Toyota Says Consumer Choice Dictates Pace of Electrification

Toyota has pushed back against critics who say it has been slow to embrace battery electric vehicles (BEVs), arguing it needed to offer a variety of car choices to suit different markets and customers.

Related: Toyota Ranked as World’s Third-Most Obstructive Company Against Climate Policies

At its annual general meeting on Wednesday, the world’s largest automaker by sales doubled down on its position that it would stick with technologies including fuel cell vehicles and hybrids that have for the past two decades made it a leader in cleaner cars. Apart from concerns about its electrification strategy, Toyota executives tackled a range of questions on CEO succession plans to the ongoing chip shortage.

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Once a favorite with environmentalists for its popular hybrid Prius model, Toyota has come under fire for not phasing out gasoline-powered cars and its lobbying on climate policy. “The goal is carbon neutrality,” Toyota’s Chief Technology Officer Masahiko Maeda told the meeting, responding to questions submitted by Danish pension fund AkademikerPension, which also asked Toyota to refrain from lobbying to undermine the transition to BEVs. However, “customers need to choose,” Maeda said, in order to popularize electric cars that include plug-in hybrids. A variety of options should be available and the automaker should not narrow those down, he said.

Related: Toyota Lambasted Again in Europe For Not Going ‘All In’ on EVs

“Toyota used the pretext of customer choices to avoid answering the question about lobbying activities … to slow the transition towards fossil-fuel-free cars,” AkademikerPension had said in a statement after the AGM. Toyota argues that hybrids still make sense in markets where infrastructure is not ready to support a faster move to BEVs, and is exploring the viability of green fuels for internal combustion engine cars, including hydrogen.

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There is a gap between Toyota, which approaches decarbonization in a “pragmatic” way, and environmental groups that call for immediate action, said Seiji Sugiura, a senior analyst at Tokai Tokyo Research Institute. The positions are not polar opposite, he said, adding Toyota has been working to slash greenhouse gas emissions from the vehicle production stage.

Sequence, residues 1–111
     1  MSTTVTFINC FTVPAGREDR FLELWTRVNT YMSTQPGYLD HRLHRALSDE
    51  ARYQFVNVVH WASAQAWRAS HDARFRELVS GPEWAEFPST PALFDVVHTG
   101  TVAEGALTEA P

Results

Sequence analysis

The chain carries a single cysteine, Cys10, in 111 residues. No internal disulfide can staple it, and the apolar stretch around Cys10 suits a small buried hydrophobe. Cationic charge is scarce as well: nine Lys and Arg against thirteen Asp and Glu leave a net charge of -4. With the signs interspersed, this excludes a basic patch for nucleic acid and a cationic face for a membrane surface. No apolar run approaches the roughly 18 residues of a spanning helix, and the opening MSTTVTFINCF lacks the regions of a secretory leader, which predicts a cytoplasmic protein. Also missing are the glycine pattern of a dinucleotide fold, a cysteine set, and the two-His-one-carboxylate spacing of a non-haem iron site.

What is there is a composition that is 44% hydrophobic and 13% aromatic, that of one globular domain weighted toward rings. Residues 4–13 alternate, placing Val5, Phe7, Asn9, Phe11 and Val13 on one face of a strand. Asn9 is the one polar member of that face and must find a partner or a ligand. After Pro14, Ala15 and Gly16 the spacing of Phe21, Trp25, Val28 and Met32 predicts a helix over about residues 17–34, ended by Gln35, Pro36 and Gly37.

Related: Toyota BZ SDN EV Spotted Again Ahead of Debut

In December 2021, Toyota unveiled 16 EVs and showed its committed to spend 8 trillion yen ($60 billion) by 2030 to electrify its cars, half of which is for the development of fully electric vehicles. Still, it expects annual sales of such cars to reach only 3.5 million vehicles by the end of the decade, or around a third of current sales. Just last month, it rolled out its first mass-produced all-electric vehicle (bZ4X SUV) domestically, albeit for lease only, while its gasoline-electric hybrid models remain far more popular in Japan.

The new CEO

When asked about succession planning, Chief Executive Akio Toyoda, who has led the company for 13 years, said he was “thinking about timing and the selection of a successor.” There has been no indication that Toyoda will step down.

Akio Toyoda, who is aged 66, and grandson of company founder Kiichiro Toyoda, steered the company through a dark phase when Toyota sales slumped after the recall of millions of vehicles and the company reported billions of dollars in losses. “I’d pick someone who understands the company’s philosophy as my successor,” he added.

Related: Toyota CEO Akio Toyoda is Dissatisfied with Japan’s Push Towards EVs

Toyoda has sought to reform Toyota’s corporate culture, spending more time with younger executives and cutting back some senior positions. In 2020, he appointed company veterans Maeda and Kenta Kon to top roles. Both were 51 at the time – a relatively young age for top Toyota executives.

Source: Reuters

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